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HE Author of the following Sheets, wlo profesies no

attachment to any party, had often heard Oliver: Cromwell applauded and condemned by the same gentlemen, almost in the same breath; or Spoken of in the words of the noble historian, as a great wicked mon.. This made him inquisitive into the life of f extraordinary a person ; that he might know what was that series of conduct which could? make bim deserve so fingular a character.

As this inquiry demanded forne application, he began to think it might be made more generally useful than just to satisfy himself, and a few private friends, to zhoni be might communicate the result of it. This determined bim to try the judgment of the public, in order to know how far what he pould think truth would take place; and' whether a character so much declaimed againsi, might, at: the diflance of almost an hundred years be differed to: stand the test of a fair examination.

To accomplish this, he found it requisite to.give the matter : a new form, very different from any it bad hitherto appeared in that by throwing together facts of a similar nature, the picture, might be viewd in all possible lights, with the greatest advantage.

The first chapter discovers the origin of the civil war,, which gave those great talents an opportunity to exert them-z selves.. We were then to consider Cromwell in his rije to: authority, and his exercise of it when in full poliefion. In his rife he appears under two different characters, os.a dier, and a politiciano. His actions under the firti fill upi

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three remarkable periods, each of them terminated by a triumphant return to his seat in parliament ; which we have therefore divided into fo many chapters. As a politi. cian he had to deal with the king, the parliament, the army, and the predominant parties : bis behaviour to all these is examined in two chapters, which make the fifth and the fixth

The administration at home, and influence abroad, are the two grand criteria of any government. We have furvey'd Cromwell's under both titles, and given a distinet chapter to each. The ninth and last contains some reflections on his characler, with a parallel, which, however ungrateful it may found to some, can be supported from history. Other remarks will be found in the body of the work, all written with an honest freedom, and not intended to give offence.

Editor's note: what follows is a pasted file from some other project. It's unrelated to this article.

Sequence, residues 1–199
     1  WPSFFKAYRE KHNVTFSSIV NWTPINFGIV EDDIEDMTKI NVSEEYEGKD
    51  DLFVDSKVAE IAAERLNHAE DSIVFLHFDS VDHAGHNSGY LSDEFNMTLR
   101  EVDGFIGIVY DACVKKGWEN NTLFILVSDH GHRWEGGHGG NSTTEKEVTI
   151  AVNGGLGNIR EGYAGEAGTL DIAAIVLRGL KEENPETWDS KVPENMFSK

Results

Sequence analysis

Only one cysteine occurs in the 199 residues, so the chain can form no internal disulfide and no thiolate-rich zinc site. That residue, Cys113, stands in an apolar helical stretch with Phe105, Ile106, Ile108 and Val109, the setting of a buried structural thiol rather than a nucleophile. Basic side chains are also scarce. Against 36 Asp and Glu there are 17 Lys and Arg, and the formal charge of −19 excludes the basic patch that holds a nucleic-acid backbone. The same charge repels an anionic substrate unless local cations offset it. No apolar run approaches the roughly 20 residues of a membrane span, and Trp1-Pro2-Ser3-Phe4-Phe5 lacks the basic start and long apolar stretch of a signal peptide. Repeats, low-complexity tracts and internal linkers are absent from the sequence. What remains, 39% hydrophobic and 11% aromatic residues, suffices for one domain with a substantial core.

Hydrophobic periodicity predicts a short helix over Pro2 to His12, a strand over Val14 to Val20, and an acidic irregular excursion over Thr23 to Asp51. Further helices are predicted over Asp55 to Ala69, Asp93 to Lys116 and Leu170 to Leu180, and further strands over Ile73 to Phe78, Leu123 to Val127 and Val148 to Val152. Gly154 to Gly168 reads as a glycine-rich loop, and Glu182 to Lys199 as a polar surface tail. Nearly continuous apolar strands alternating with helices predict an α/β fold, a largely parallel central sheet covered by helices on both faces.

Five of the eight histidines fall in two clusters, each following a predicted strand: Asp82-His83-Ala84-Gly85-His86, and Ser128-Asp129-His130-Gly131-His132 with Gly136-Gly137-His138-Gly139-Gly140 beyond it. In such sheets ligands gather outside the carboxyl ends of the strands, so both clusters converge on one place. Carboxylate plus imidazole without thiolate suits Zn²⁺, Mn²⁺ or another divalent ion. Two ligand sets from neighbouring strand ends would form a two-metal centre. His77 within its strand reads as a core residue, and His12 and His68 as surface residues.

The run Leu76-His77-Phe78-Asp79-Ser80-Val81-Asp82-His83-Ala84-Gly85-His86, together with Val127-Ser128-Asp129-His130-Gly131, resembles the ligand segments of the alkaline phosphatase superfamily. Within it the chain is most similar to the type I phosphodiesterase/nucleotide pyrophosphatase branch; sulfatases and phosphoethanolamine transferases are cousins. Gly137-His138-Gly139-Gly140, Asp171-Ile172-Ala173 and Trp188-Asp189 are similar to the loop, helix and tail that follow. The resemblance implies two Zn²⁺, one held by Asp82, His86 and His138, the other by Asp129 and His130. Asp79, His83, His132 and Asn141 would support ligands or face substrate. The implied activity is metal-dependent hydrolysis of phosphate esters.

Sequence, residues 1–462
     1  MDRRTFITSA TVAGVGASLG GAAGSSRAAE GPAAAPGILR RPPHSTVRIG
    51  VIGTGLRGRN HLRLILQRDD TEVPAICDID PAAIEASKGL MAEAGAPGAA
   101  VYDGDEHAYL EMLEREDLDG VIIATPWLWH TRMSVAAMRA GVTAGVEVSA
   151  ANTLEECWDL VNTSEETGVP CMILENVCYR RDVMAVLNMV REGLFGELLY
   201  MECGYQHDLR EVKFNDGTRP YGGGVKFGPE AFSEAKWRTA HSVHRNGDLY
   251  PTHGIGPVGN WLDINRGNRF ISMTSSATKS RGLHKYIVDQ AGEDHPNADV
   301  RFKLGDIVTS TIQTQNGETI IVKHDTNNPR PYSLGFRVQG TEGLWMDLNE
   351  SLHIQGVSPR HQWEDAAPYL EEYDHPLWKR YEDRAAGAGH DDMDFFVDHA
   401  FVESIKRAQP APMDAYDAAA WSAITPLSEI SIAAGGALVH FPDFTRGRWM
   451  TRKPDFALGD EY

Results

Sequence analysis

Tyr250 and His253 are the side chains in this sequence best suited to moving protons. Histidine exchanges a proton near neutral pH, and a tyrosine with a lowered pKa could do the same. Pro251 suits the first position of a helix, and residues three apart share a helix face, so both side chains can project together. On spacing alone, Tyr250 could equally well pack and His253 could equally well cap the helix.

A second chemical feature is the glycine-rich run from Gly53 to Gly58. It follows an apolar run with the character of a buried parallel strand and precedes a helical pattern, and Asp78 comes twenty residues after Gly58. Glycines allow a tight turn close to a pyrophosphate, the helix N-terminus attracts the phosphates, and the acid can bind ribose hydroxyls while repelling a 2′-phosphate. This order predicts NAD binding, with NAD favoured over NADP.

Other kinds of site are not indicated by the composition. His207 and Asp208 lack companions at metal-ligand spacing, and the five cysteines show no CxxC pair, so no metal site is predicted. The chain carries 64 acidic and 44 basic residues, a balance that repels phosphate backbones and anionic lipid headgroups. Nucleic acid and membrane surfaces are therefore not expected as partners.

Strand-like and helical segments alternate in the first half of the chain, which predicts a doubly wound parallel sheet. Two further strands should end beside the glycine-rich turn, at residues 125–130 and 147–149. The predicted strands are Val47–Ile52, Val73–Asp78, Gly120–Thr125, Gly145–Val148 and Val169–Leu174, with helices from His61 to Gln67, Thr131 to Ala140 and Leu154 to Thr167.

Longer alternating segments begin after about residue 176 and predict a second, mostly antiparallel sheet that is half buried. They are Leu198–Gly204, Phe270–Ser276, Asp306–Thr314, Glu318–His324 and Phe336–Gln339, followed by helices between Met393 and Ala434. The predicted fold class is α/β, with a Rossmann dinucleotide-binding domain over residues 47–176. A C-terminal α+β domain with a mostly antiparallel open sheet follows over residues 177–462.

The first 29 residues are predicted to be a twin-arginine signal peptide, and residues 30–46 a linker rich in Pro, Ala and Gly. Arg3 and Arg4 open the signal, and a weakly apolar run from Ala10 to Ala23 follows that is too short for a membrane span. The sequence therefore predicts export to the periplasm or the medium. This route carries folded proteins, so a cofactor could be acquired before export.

It seems manifest from the whole, that Cromwell's cha. racter, however it has been misrepresented, is more capable of a vindication, than that of most other invaders of roy. alty, who are now ranked among the heroes of ancient and modern story. Such a chain of events contributed to his advancement, that with such great abilities, and so much ambition, it was hardly poffible for him to be less than he was. Even Cæfar, whom he the most nearly represented, had not so fair a way open to the supreme power, as Cromwell bad when he assumed it. But those very causes which give him fome right to a vindication, remove him intirely out of the reach of imitation. Nothing but such a criss as that wherein he did it (which has never yet had a parallel in hiftory) could either support or justify such an attempt in any other.

As the success of the first impresion of this work was much greater than the author expected, he thought it his duty to give the second, which he is told has been long wanted, fome considerable additions, and other necesary improvements, especially in the article of authorities for what he had advanced. This he has done through the whole, sometimes in the body of the work, and at other times in notes ; but chiefly in the appendix now intirely added. Notwithstanding that the book, by these means,


became more than twice as large as before, he thought it best to keep the old title of Short Critical Review," that it might not seem to be a new work'; and because a much larger volume might have been writ upon a subject that affords such an abundance of matter. All be bas farther to say, is, that the proje panegyric at the end of the whole contains only part of that printed in Latin ; and in some places, where the spirit of the original appears, is very little altered from the translation already published.


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